Conservative/Liberal Keywords (U.S. Politics-Jewish Politics)

chaotic pend large

Fascinating article in the New York Times Sunday magazine about young, tech savvy Republicans attempting to overhaul their party. Much of the story comes together in this account of a focus group of conservative would-be GOP voters, many of whom voted for Obama in 2012. The choice of words chosen to describe conservatives versus liberals says a lot about politics and culture at this current moment in the American zeitgeist.

About an hour into the session, Anderson walked up to a whiteboard and took out a magic marker. “I’m going to write down a word, and you guys free-associate with whatever comes to mind,” she said. The first word she wrote was “Democrat.”

“Young people,” one woman called out.

“Liberal,” another said. Followed by: “Diverse.” “Bill Clinton.”“Change.”“Open-minded.”“Spending.”“Handouts.”“Green.”“More science-based.”

When Anderson then wrote “Republican,” the outburst was immediate and vehement: “Corporate greed.”“Old.”“Middle-aged white men.” “Rich.” “Religious.” “Conservative.” “Hypocritical.” “Military retirees.” “Narrow-minded.” “Rigid.” “Not progressive.” “Polarizing.” “Stuck in their ways.” “Farmers.”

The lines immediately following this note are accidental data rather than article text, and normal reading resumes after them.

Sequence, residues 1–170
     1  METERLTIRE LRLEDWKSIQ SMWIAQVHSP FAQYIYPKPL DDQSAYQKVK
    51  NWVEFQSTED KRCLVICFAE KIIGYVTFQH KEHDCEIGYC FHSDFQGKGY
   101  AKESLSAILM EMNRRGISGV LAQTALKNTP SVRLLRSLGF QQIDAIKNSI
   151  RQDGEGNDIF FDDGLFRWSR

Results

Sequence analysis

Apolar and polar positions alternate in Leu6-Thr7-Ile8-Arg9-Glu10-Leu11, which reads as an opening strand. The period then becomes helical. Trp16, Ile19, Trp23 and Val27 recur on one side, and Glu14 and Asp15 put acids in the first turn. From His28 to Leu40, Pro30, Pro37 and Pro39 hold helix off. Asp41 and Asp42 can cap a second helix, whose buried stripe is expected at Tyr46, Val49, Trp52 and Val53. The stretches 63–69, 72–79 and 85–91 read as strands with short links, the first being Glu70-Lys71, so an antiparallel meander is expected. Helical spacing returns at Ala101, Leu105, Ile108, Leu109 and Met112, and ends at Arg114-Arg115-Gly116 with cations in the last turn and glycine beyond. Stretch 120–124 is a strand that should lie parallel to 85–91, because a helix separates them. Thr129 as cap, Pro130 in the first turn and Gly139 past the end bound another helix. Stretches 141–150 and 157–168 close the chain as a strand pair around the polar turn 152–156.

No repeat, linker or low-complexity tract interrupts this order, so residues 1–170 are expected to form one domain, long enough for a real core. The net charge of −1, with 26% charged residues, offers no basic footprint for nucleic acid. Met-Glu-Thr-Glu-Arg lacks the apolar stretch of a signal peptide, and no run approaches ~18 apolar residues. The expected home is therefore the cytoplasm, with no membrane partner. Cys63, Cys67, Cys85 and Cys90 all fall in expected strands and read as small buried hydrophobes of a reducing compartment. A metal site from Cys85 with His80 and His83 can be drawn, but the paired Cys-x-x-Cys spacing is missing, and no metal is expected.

As a self-identifying liberal, it’s nice to see one’s own ideological leanings represented on the right sight of the pendulum. But it causes me a great deal of worry about things that come closer to home, here at JPP, such as religion, Judaism, Israel, Zionism, and support for Israel. What would be the findings of a  similar focus group  organized around those more local points of interest?  I’m pretty sure I know where the chips would fall.

It’s a hunch that suggests to me the pressing need to undo what I would identify as the damage done by extreme conservative tilts, supported in part by big neoconservative money, on the Jewish cultural scene. As conservative intellectuals begin to take stock, Jewish intellectual and institutional leadership might want to consider doing the same in terms of figuring out the lay of the land, especially as it relates to Israel and Zionism. The Jewish world to me seems like it too is in a bad need for some self-recreatation.

About zjb

Zachary Braiterman is Professor of Religion in the Department of Religion at Syracuse University. His specialization is modern Jewish thought and philosophical aesthetics.
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